Implications: Mandal 2.0 or a recipe for social fragmentation ?
While the passage of the bill is a hope for settling the simmering tensions between states and the Union over the fate of OBCs following the SC verdict, it seems to have opened a pandora’s box of demands by various political parties including NDA allies like JD(U) and Apna Dal to conduct caste census to enumerate the actual population of backward castes and extending reservation to them. Opposition parties like BJD too have demanded caste census to identify the Socio Economically Backward Sections (SEBCs).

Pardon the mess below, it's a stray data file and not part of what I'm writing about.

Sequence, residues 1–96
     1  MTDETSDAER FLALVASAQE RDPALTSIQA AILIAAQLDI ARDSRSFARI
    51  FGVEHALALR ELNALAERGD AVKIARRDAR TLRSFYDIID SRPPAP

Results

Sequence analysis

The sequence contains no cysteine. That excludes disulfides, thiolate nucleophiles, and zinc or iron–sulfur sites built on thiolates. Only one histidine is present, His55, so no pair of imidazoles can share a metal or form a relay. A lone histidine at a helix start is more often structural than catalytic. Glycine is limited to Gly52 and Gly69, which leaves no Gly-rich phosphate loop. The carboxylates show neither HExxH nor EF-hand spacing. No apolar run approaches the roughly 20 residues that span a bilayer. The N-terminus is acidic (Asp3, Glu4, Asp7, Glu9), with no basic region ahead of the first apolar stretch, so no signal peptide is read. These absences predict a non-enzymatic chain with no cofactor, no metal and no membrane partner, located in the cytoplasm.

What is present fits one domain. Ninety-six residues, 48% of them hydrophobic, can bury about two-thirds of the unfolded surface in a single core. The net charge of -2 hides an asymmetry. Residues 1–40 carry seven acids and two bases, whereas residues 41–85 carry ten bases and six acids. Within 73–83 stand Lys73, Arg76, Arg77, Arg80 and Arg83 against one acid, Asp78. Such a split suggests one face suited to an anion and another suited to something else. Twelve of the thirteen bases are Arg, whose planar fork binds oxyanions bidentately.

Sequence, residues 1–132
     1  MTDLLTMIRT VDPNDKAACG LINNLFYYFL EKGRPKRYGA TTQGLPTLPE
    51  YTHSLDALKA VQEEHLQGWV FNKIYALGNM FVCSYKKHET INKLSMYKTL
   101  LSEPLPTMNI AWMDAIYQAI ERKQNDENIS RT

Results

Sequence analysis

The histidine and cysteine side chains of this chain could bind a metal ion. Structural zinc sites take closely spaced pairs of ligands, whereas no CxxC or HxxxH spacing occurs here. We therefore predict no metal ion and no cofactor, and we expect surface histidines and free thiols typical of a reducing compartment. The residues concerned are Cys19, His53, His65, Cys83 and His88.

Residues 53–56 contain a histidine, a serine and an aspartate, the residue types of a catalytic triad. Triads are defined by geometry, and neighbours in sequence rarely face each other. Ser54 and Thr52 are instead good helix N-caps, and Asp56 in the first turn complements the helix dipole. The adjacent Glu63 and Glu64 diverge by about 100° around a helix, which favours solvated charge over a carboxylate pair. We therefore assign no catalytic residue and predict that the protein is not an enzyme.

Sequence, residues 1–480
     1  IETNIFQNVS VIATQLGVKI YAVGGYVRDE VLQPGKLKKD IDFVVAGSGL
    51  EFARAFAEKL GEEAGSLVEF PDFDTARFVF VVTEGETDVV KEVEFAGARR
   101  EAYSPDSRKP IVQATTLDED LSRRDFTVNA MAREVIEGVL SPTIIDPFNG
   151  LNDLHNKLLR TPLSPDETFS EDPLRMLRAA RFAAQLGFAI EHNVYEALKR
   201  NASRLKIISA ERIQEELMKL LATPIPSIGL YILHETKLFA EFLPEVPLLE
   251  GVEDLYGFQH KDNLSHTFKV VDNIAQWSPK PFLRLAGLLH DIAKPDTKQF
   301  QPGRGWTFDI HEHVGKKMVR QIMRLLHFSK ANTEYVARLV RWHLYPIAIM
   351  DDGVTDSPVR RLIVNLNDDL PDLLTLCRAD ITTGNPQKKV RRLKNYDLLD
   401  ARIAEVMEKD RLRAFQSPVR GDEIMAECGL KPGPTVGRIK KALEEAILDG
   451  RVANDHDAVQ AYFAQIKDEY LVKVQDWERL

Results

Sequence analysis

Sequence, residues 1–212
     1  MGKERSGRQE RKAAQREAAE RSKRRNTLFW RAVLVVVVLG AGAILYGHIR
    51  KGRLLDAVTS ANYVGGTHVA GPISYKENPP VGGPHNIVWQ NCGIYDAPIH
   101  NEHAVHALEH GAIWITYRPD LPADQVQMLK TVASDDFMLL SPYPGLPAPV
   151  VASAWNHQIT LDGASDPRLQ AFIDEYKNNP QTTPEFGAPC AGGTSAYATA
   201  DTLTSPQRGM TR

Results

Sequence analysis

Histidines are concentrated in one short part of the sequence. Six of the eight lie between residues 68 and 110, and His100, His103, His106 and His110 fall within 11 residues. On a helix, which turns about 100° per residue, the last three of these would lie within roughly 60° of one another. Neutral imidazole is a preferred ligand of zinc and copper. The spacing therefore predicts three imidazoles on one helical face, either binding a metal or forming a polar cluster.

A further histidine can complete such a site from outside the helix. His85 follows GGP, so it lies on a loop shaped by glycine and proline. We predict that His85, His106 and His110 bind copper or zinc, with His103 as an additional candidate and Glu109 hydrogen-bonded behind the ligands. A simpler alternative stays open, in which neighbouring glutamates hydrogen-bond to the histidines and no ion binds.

The underlying demand also include the need to review the 50 percent cap on reservations at present based on the findings of caste survey if at all conducted. Clearly, the motive here is political and the parties want to cultivate new vote banks and consolidate their political future. They also see this as an opportunity to make a dent on the OBC base of BJP especially in north India. The clamor for inclusion of more and more number of castes into the OBC category will become shriller in the coming years , something we have seen in states like Tamil Nadu. This will widen the hiatus between the so called forward castes and so called backward castes, eliminating any possibility of social amity and blurring of caste distinctions. We need to take a pause and ask, do we need such corrective measures which create new forms of discriminations? This vicious cycle shall never end in that case.